In the current building environment, construction using mass timber remains a viable option and checks several boxes, including environmental, economic, and human resource factors, that challenge builder productivity daily. However, the unpredictable costs associated with mass timber construction, which includes supply chain and logistics issues, has made it a difficult scheme for many builders to embrace.
Zack Ross is president of the Cape Group, a developer based in Vancouver. Discussing the current building environment, Ross said, “We’re in conversation with our suppliers, all the way down the supply chain. It’s really important to have some kind of cost certainty.”
“One of the biggest challenges when it comes to mass timber construction is logistics,” Ross added. “If you don’t have a logistics network set up to actually get the product from the facility to the actual building site, there’s just no reason to do it. It doesn’t become economic; it doesn’t become feasible or practical.”
Peter Moonen, sustainability coordinator with the Canadian Wood Council, sees it differently. Moonen points out that “The annual growth in productivity for the construction sector post-World War Two is 0.1 per cent per year. Mass timber will play a role in enabling the construction sector to have industrialized production because of the ability to machine this material to very high tolerances, which makes both assembly and performance improve and it can also address the trade shortages.”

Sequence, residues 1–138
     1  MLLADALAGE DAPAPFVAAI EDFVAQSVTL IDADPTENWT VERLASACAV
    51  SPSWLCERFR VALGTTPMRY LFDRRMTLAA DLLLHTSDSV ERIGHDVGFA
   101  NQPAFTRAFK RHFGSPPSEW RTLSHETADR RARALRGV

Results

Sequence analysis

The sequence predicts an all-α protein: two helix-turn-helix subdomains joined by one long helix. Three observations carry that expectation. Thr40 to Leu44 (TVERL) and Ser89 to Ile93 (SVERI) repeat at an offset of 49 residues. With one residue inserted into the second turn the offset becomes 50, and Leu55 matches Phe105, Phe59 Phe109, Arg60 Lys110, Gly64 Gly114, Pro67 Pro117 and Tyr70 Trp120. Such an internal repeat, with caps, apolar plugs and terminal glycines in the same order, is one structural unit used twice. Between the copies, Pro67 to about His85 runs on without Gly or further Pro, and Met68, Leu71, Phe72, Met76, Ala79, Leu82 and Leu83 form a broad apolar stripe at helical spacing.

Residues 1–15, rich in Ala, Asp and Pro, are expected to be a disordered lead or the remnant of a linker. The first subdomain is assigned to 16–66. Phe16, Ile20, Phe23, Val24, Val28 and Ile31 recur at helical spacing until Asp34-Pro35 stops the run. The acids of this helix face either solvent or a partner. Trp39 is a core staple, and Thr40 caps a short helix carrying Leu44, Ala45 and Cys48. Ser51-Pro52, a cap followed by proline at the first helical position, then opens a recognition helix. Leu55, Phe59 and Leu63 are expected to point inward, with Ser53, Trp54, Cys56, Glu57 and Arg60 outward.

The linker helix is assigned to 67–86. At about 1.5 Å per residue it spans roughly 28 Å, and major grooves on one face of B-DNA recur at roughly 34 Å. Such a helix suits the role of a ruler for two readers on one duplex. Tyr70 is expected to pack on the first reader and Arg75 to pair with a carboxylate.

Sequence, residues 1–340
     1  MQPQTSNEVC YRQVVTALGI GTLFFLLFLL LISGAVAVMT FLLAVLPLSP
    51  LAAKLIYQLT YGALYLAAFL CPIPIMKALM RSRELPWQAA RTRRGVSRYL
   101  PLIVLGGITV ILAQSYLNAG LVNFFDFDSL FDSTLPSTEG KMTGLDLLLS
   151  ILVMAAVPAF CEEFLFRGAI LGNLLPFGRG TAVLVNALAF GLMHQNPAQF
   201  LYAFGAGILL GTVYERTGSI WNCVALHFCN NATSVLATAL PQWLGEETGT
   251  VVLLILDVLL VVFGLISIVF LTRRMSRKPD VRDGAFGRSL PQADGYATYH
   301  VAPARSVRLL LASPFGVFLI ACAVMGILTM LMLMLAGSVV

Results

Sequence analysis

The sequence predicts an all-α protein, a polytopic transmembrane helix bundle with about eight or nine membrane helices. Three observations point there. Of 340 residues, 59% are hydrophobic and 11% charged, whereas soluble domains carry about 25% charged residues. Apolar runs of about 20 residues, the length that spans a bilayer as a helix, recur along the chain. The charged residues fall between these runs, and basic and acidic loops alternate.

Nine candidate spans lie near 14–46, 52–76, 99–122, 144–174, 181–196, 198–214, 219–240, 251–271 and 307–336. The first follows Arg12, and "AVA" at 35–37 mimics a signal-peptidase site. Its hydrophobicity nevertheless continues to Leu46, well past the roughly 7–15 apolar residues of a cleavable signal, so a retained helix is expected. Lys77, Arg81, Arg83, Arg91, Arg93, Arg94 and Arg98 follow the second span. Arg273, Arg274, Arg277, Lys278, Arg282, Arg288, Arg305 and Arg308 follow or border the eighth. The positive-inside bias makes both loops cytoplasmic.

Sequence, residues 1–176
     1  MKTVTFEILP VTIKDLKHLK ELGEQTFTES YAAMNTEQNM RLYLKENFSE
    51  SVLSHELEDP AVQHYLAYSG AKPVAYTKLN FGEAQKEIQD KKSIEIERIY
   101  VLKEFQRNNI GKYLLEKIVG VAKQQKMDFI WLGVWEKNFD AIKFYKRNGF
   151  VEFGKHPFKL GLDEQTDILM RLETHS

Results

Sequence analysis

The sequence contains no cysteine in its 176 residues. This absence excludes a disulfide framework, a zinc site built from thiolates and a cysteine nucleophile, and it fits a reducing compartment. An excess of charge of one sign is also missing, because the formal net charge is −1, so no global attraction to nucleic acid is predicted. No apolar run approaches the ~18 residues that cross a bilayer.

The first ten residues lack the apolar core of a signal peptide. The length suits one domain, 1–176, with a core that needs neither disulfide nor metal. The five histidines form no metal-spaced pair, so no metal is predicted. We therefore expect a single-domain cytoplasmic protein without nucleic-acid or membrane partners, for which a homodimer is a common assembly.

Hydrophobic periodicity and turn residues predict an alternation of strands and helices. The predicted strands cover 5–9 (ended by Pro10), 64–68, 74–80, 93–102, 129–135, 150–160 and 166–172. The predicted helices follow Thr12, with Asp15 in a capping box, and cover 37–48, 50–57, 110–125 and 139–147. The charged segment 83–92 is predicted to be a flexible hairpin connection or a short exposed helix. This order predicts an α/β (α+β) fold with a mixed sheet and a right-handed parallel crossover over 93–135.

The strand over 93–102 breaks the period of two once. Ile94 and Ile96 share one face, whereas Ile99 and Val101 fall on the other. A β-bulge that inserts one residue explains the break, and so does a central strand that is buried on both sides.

Moonen concedes that builder concerns are real, and mass timber manufacturers are working to address the cost issues. “The fluctuation in wood has been bigger than anything I’ve ever seen in the last 30 years,” he said. “It poses a real challenge for anybody who’s planning a project two, three years down the road.”
To address cost uncertainties, mass timber manufacturers are working with wood suppliers to develop long-term contracts. While mass timber products use raw wood that isn’t suitable for structural uses, growing demand has put a premium even on these supplies.
“Increasingly we are having mass timber producers and glulam producers establish long-term supply agreements with sources of wood, and that’s in the best interests of both,” Moonen said.
Moonen said the global demand for CLT (cross-laminated timber) is anticipated to reach upwards of 3 million cubic meters by 2025. “If the entire global CLT sector were to get their wood supply only from B.C., it would amount to about 15% of one of B.C.’s annual harvests,” he said.
FEA compiles the Wood Markets News from various 3rd party sources to provide readers with the latest news impacting forest product markets. Opinions or views expressed in these articles do not necessarily represent those of FEA.